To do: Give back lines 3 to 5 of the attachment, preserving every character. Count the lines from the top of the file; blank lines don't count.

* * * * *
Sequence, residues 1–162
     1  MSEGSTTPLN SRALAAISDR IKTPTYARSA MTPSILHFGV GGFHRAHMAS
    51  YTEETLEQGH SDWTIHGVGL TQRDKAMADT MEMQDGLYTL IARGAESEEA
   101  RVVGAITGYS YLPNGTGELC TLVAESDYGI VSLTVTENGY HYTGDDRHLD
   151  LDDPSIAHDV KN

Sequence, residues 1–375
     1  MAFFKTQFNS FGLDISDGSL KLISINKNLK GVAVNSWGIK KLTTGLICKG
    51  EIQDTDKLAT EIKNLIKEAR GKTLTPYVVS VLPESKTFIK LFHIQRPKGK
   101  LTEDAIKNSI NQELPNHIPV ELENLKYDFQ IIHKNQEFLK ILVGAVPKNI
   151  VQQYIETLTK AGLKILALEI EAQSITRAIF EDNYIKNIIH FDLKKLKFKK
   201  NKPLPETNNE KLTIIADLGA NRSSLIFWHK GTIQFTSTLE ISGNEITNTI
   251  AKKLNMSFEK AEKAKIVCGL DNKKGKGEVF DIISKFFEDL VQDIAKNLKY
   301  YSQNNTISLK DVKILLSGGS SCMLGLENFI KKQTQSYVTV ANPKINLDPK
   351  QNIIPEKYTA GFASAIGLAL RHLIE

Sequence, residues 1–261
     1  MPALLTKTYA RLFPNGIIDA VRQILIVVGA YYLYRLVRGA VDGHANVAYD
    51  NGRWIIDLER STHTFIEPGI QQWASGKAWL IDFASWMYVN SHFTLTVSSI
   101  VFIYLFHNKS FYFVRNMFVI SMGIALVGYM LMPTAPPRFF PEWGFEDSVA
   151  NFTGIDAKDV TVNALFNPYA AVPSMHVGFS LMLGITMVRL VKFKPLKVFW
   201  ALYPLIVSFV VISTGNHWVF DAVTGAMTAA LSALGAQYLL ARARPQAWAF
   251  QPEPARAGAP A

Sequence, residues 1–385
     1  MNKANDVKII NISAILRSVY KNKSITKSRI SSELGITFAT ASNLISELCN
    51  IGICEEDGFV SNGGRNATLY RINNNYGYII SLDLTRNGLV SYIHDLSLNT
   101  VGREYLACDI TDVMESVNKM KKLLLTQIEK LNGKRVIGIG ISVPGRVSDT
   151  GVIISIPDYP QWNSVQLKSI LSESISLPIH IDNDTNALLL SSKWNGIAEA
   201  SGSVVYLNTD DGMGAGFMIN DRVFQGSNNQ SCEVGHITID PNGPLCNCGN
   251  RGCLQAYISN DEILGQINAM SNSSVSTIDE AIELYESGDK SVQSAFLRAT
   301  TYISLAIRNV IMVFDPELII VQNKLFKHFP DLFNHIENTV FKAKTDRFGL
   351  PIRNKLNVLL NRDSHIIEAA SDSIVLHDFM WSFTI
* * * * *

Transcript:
    51  YTEETLEQGH SDWTIHGVGL TQRDKAMADT MEMQDGLYTL IARGAESEEA
   101  RVVGAITGYS YLPNGTGELC TLVAESDYGI VSLTVTENGY HYTGDDRHLD
   151  LDDPSIAHDV KN